1. Thursday, July 6th, 2017
    into the workshop

    Sometimes you just need to get yourself into the workshop to explore new possibilities.

    Last week, I had the chance to attend the CFA Institute’s Investment Management WorkshopCFA Institute | Here is the website for this year’s workshop. at Harvard Business School.  This was the fiftieth year for the program.  (Amazingly, Wally Stern, one of the founders, has been in attendance all fifty years.)

    Billed as “Strategic Decision Making for the Investment Executive,” the workshop brought together investment people from around the world who hold a variety of functional roles in vastly different kinds of organizations.  I think I was the only sole proprietor and was definitely at the “well-aged” end of the spectrum.

    There were around seventy participants.  The program uses the case method, with classes led by Harvard professors.  (I appreciated the opportunity to see them in action; it helped me to think about how to lead my own workshops on due ... continues

  2. Thursday, June 1st, 2017
    precision farming

    I recently came across a report, written almost a year ago, by a group of Goldman Sachs analysts.  Part of a series on “Profiles in Innovation,” it is titled “Precision Farming: Cheating Malthus with Digital Architecture.”Doc Drop | At the time of this writing, the report is available online via this site.  (If that doesn’t sound interesting to you, be patient.  The point I will try to make is a broader one about the investment world.)

    The cover of the report explains that its authors “explore how agriculture offers fertile ground for a confluence of technology trends, from sensors and the Internet of Things to drones, big data and autonomous driving,” asserting that precision farming can lift crop yields 70% by 2050 (and that a number of companies stand to thrive as a result).  That would extend the rise in food production which started in the 1800s with a sustained increase in acres planted, continued with mechanization in the following ... continues

  3. Tuesday, May 2nd, 2017
    surprisingly popular

    For the first four years of this century, I taught at the University of Minnesota’s Carlson School of Management.  The classes were made up of MBA students who managed real-money equity and fixed income funds that had been established by the school (now totaling around $35 millionCarlson School of Management | The students working on the funds now include undergraduates as well as MBAs.).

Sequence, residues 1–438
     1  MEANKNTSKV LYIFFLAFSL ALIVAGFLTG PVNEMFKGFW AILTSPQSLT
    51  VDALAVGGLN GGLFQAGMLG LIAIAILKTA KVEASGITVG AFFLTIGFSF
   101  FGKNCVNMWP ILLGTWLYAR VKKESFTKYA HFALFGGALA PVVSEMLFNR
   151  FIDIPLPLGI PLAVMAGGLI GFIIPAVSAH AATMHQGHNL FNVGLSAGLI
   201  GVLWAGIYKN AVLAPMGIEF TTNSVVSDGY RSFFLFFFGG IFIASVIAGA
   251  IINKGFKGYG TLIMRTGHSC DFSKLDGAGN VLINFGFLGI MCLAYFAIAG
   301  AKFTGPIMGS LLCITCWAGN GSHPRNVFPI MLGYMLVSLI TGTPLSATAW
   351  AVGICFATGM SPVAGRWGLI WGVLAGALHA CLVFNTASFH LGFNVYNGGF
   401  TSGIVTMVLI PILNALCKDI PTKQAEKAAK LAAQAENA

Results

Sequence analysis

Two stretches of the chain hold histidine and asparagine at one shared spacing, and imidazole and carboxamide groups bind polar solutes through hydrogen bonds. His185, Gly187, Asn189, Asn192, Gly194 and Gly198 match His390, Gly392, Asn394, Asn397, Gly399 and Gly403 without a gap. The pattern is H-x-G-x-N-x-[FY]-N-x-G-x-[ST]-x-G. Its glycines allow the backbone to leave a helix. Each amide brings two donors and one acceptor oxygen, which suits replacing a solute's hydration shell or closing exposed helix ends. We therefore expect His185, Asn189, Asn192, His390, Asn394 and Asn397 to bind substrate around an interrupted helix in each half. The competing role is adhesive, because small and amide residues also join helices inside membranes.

In addition to learning about the operating aspects of the funds, the students wrote in-depth reports and gave presentations to a group of industry mentors about investments that they wanted to make.  (A recent experience as a judge at the CFA Research Challenge Americas competitionFreezing Assets | Here’s a piece that I wrote about that competition (and the importance of good communication skills in presenting research ideas). reminded me of those student presentations.)  The class sessions that were a part of the program usually included a discussion of a recent development in the ... continues

  4. Tuesday, April 25th, 2017
    site visits

    In my work as a consultant advising investment organizations, I generally get access to the people that I would like to interview and am able to see the things that I would like to see.  That degree of openness is uncommon for others doing site visits (for the purpose of evaluating an investment in company, for example, or the selection of an asset manager), who face a more daunting challenge.

    While those visiting are hoping for helpful transparency to aid in their analysis, those being visited are also trying to manage the encounter to their advantage.  One side is trying to create a narrative and the other should be focused on cracking it.the research puzzle | I wrote about creating the narrative versus cracking the narrative in this 2014 piece.  The success of a site visit by an analyst depends upon how that struggle unfolds.

    Sometimes, virtually all of the interaction takes place in a conference room, with a limited number of people involved, and much of the information is ... continues

  5. Monday, March 13th, 2017
    circles of risk

    In October 2009, McKinsey Quarterly published an article with the intriguing title “Risk: Seeing around the corners.”McKinsey Quarterly | It was written by Eric Lamarre and Martin Pergler.  A few months earlier, the world was convulsed by the financial crisis, so the title that accompanied the graphic below — “Companies are susceptible to interconnected cascades of risk” — seemed obvious.

    mckinsey risk

    The article was written for the leaders of companies, so the risk triggers identified are oriented to the bottom line of company operations.  That framework could just as readily be used by a fundamental analyst at an asset management firm who is trying to anticipate the affects of various risks on the companies she covers.  The listed risks are all over the place:  some slow-moving, others that can show up overnight.  Depending on the business models in question, they could be negligible in potential impact for one firm and devastating for another.  And, ... continues